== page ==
Happy sheets and comfort zones

by Viv on February 8, 2010

In February’s TJ, Peter Honey gives his angle on how happy sheets can distract trainers from doing the right thing. He compares the feedback that’s had from 3 types of session that he’s run, a standard presentation, a set of stories and a facilitated discussion actively involving participants. His conclusion is that he gets the highest happy sheet scores when participants can get away with passively listening to him. This contrasts with the school of thought that a good learning experience involves activity and a participant constructing their own meaning e.g. Kolb, the Generation Effect and several others. So why do participants rate a facilitor more highly if they don’t have to be active?

I think part of this comes down to comfort zones. Generally a great result from a course is for the participant to realise that they don’t have to do anything different. But this is the worst result from the employer’s perspective – if people carry on exactly as before, why invest the money on having the course? Active courses are more likely to move somebody out of their comfort zone and if this is not handled supportively and safely enough it will cause bad feeling.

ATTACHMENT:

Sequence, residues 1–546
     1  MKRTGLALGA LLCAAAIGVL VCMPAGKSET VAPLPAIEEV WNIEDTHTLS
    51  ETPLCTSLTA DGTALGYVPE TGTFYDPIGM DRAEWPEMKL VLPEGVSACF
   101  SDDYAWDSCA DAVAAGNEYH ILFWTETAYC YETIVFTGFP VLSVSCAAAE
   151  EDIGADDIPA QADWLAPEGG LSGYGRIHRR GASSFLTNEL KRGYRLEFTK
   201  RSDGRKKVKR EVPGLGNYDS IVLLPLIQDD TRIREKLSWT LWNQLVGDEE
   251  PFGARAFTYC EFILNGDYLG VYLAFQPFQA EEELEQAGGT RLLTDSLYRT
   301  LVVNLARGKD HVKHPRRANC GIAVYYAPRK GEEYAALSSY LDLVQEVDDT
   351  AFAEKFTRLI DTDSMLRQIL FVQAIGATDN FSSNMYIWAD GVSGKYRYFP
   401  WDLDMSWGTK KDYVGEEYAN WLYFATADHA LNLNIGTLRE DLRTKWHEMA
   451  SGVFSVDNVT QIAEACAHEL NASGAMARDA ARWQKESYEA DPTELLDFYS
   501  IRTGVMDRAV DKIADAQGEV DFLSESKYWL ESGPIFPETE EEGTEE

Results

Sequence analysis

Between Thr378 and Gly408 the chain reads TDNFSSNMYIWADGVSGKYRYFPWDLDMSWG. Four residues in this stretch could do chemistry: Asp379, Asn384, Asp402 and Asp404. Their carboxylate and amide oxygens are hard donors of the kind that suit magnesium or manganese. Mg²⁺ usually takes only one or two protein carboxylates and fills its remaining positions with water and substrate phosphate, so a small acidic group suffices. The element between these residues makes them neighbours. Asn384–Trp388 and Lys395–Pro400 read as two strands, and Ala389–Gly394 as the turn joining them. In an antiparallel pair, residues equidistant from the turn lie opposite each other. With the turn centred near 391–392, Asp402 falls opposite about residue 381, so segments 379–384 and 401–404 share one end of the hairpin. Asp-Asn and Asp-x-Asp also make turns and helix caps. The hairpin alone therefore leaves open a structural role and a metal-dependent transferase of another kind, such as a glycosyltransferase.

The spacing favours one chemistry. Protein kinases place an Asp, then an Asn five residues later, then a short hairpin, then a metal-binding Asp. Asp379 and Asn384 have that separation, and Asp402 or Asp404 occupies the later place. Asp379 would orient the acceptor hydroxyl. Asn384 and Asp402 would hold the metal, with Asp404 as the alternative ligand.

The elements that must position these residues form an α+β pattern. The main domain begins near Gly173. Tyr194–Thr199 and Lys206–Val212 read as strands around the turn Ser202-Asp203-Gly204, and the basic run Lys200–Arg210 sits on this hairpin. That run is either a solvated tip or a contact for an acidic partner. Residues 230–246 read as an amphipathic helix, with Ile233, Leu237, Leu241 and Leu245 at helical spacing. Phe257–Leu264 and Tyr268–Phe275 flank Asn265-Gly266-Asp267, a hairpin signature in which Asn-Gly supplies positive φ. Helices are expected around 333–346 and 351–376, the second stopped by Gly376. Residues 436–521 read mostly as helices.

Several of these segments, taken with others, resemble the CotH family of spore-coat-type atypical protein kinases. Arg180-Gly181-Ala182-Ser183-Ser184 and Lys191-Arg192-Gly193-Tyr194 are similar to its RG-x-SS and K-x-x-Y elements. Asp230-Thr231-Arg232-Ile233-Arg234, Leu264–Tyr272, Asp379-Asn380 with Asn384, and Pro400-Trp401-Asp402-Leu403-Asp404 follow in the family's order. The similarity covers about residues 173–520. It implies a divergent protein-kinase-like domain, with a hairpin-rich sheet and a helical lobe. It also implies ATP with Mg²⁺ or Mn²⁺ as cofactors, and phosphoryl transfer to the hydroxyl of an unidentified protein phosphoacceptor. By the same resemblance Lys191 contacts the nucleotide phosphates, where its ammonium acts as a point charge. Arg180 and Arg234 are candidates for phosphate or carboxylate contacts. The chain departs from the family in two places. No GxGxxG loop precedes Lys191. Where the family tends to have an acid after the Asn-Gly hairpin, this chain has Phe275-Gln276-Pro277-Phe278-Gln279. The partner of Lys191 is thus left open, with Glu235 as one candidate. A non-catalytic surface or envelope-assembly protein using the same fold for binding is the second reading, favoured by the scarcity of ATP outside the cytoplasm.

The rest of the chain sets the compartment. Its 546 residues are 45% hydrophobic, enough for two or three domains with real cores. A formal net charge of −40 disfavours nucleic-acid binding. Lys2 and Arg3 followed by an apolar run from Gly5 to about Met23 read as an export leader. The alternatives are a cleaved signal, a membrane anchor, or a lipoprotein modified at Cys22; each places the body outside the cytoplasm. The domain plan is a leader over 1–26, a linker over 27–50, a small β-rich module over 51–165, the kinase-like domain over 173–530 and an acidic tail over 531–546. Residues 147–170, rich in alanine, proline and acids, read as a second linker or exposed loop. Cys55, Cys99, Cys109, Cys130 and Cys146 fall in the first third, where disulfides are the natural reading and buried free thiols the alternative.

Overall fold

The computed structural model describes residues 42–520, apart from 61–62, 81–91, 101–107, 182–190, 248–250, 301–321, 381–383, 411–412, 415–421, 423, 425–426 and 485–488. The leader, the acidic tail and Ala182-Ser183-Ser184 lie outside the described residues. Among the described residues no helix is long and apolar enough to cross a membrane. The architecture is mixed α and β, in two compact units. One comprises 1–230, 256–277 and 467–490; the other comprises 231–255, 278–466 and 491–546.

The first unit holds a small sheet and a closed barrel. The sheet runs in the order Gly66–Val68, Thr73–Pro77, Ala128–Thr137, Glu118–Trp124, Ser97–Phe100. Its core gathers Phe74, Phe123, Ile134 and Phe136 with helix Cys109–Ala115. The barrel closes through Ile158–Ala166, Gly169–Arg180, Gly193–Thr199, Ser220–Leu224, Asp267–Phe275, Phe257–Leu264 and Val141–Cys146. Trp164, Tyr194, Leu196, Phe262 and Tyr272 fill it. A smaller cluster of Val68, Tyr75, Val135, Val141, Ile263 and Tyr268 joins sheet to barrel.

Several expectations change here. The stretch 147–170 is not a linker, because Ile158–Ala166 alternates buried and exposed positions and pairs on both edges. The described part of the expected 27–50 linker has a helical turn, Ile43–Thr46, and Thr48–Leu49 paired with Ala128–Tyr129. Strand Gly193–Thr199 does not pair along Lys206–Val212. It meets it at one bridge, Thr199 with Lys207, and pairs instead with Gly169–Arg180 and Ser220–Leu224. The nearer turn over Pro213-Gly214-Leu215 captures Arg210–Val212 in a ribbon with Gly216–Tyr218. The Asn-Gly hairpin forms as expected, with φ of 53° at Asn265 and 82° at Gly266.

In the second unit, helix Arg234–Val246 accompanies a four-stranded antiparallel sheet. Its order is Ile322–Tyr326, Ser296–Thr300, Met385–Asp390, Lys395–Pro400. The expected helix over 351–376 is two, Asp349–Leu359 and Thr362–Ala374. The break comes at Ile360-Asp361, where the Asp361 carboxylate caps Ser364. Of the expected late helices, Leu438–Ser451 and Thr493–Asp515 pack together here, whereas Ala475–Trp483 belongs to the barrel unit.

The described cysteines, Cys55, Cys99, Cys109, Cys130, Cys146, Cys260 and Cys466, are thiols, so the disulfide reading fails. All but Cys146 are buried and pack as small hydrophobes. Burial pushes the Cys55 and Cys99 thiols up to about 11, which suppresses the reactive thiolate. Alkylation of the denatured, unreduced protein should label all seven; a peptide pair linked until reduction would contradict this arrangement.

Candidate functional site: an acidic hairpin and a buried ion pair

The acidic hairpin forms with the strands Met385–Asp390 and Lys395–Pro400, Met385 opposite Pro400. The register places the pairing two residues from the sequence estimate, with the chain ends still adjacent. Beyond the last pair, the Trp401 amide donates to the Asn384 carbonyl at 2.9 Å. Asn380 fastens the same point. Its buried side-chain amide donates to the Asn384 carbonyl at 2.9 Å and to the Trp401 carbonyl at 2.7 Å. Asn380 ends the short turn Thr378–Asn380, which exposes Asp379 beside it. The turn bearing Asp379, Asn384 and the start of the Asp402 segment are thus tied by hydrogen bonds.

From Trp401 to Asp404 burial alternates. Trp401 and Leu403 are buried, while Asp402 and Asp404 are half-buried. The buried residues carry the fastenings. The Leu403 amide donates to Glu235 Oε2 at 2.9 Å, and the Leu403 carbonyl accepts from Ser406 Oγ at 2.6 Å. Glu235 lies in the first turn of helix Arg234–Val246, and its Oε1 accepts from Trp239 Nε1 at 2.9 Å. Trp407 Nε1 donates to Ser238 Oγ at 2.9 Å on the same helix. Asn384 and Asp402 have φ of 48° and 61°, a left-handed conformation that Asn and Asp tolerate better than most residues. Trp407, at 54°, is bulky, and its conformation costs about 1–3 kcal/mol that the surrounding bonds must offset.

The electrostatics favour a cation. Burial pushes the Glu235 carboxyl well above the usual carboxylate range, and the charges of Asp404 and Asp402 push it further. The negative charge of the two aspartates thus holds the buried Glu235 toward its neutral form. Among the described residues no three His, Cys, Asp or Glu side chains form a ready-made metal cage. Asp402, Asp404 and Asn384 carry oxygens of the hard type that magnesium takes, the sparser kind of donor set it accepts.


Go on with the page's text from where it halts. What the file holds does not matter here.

As a freelance facilitator, you have the tension between:

  1. Telling your stories and telling the participants how wonderful they are so that you achieve high happy sheet ratings
  2. Being more challenging so that participants learn more, running the risk that you’ll ruffle a few feathers and hence be hit in the ratings

Happy sheet ratings are often to used to measure the peformance of freelance trainers against each other. And if the trainer knows that they will tend to play it safe.

When I was a Training Manager, I used to value facilitators in the second category far more highly than those in the first, but I get the sense this is a minority practice. It did mean that I had to make the time and effort to go to courses to see what was happening and follow up with participants, rather than waiting for a pile of forms to hit my desk.

Would n’t it be great if learners would have a level of learning maturity where they demanded that a course took them out of their comfort zones and complain on their happy sheets if they were n’t stretched? Again I think this is a minority view amongst learners, and one that is not likely to change if all we focus on is happy sheets.

The answer is not to bin the happy sheets, but to treat them just as one part of a more holistic approach to evaluation.  But you were one of the elite who knew that already…

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